In the 30 years since the discovery of the classic fullerene “buckyball” of 60 carbon atoms, scientists have found many variations on the fullerene theme: carbon nanotubes (elongated buckyballs), endohedral fullerenes (buckyballs with molecules inside), and even carbon “peapods” (nanotubes with buckyballs inside). Within this great diversity, however, certain rules emerged. One such rule governed the number and placement of the pentagonal and hexagonal carbon rings that are the basic fullerene building blocks. Now, scientists have used small-molecule x-ray crystallography at the ALS to verify and characterize a new rule-breaking fullerene that incorporates a seven-membered (heptagonal) carbon ring. This new molecule changes the definition of a classical fullerene and expands the range of structural possibilities for endohedral fullerenes, which have desirable physical properties with applications in solar cells, image contrasting, and medicine.
Fullerenes are a unique form of carbon consisting of molecular cages (two other forms, or allotropes, of carbon are diamond and graphite). This class of molecular cages can contain atoms inside (indicated by the symbol “@” in the fullerene name), or they can react with other molecules that bind to the surface of the cage. Both changes can affect the physical properties of the complex as a whole. Endohedral fullerenes with an interior cluster of the form M3N (M = metal, N = nitrogen) and an 80-carbon cage typically possess highly symmetrical carbon cages, where the specific type of symmetry (the point group) is designated by the notation Ih or D5h. The first fullerene discovered in 1985, the iconic 60-carbon molecular soccer ball, is designated as Ih-C60. Fullerenes in the Ih and D5h point groups are isomers (molecules with same chemical formula but different structures) that obey the isolated pentagon rule (IPR), in which every pentagonal ring is surrounded by hexagonal rings. Their molecular symmetries and structures can be verified via single-crystal x-ray diffraction.
In this work, researchers identified a rule-breaking mixed-metal fullerene using small-molecule x-ray diffraction at ALS Chemical Crystallography Beamline 11.3.1. This fullerene, LaSc2N@Cs(hept)-C80, was prepared via arc discharge between graphite rods doped with La2O3 and Sc2O3. The results showed that LaSc2N@Cs(hept)-C80 breaks the rules that define classical fullerenes in that it contains a heptagon in its ring system, giving it a different point-group symmetry (Cs). Generally, fullerenes are composed of only pentagonal and hexagonal rings, which mathematically agrees with Euler’s theorem, according to which every fullerene contains 12 pentagons, with the remaining rings being hexagons. In the new fullerene, there are also two pentalene units that violate the IPR by having abutting pentagons. The presence of a heptagon and two pentalene units forces the structure to have an unprecedented 13 pentagons in total. Nevertheless, this molecule is still classified as a fullerene, since it consists of an all-carbon cage.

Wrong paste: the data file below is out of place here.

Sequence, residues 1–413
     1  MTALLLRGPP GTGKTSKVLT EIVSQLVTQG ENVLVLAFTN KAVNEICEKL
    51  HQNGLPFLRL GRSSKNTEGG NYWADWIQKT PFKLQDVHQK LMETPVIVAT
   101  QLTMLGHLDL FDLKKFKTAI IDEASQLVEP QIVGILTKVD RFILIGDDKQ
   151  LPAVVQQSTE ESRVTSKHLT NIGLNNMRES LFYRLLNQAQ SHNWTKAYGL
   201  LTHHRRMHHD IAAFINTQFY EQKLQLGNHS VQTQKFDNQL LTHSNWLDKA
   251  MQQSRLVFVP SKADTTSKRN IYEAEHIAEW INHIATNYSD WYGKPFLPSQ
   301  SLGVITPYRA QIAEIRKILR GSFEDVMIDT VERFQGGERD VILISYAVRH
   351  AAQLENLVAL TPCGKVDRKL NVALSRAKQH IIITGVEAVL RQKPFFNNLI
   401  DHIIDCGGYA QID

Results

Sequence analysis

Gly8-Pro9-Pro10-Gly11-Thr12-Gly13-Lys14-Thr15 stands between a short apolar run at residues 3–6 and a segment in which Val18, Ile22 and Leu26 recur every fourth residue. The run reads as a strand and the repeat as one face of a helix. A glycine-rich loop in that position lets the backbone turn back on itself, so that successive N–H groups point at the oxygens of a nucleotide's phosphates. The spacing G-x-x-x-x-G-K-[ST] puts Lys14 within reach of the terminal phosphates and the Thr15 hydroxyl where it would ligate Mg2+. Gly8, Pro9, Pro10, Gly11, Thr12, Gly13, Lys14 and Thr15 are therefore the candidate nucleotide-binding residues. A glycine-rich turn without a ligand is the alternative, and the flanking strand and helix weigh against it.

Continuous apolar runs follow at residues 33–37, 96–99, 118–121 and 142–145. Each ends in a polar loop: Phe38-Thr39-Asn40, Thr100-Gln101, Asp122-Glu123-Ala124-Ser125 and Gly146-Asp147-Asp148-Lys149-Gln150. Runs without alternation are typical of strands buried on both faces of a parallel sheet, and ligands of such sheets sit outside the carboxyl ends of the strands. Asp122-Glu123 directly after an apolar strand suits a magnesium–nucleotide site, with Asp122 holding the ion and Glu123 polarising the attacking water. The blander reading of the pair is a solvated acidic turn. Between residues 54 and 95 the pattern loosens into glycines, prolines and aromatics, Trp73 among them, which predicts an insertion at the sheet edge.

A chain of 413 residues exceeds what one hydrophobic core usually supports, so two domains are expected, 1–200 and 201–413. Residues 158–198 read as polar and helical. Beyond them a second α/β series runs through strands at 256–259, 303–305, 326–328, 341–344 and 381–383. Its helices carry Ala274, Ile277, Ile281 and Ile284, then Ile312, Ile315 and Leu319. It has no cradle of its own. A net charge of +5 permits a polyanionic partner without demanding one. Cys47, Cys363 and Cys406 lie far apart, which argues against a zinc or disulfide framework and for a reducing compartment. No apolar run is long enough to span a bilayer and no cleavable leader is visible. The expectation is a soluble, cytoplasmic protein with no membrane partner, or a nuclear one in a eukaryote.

Two other isomers, LaSc2N@Ih-C80 and LaSc2N@D5h-C80, were also isolated. Historically, these are the two most common isomers of the M3N@C80 cage, with the Ih isomer being far more prevalent than D5h. The appearance of the Cs(hept) isomer was not anticipated. However, computational analysis for LaSc2N@C80 suggests that, while the Ih cage is lowest in relative energy, the Cs(hept) cage is only 27 kJ/mol less stable, and the Cs(hept) cage is 34 kJ/mol more stable than the D5h cage. Thus, previous failure to isolate the Cs(hept) cage may be ascribed to kinetic factors rather than to thermodynamic stability. The researchers proposed that a low yield of the Cs(hept) cage would arise if it has a low barrier to rearrangement into other isomers. Several different rearrangements are possible, all of which have a bearing on the still-unknown mechanism for the synthesis of multiple products in the plasma of the arc-discharge process. Now that the new heptagonal isomer has been characterized, the search is on for other examples.
Contact: Kamran Ghiassi
Research conducted by: Y. Zhang, Q. Deng, N.A. Samoylova, and A.A. Popov (Leibniz Institute for Solid State and Materials Research, Germany); and K.B. Ghiassi, M.M. Olmstead, and A.L. Balch (University of California, Davis).
Research funding: German Research Foundation (DFG) and National Science Foundation. Operation of the ALS is supported by the U.S. Department of Energy (DOE), Office of Basic Energy Sciences.
Publication about this research: Y. Zhang, K.B. Ghiassi, Q. Deng, N.A. Samoylova, M.M. Olmstead, A.L. Balch, and A.A. Popov, “Synthesis and Structure of LaSc2N@Cs(hept)-C80 with One Heptagon and Thirteen Pentagons,” Angew. Chem. Int. Ed. 54, 495 (2015).
ALS SCIENCE HIGHLIGHT #311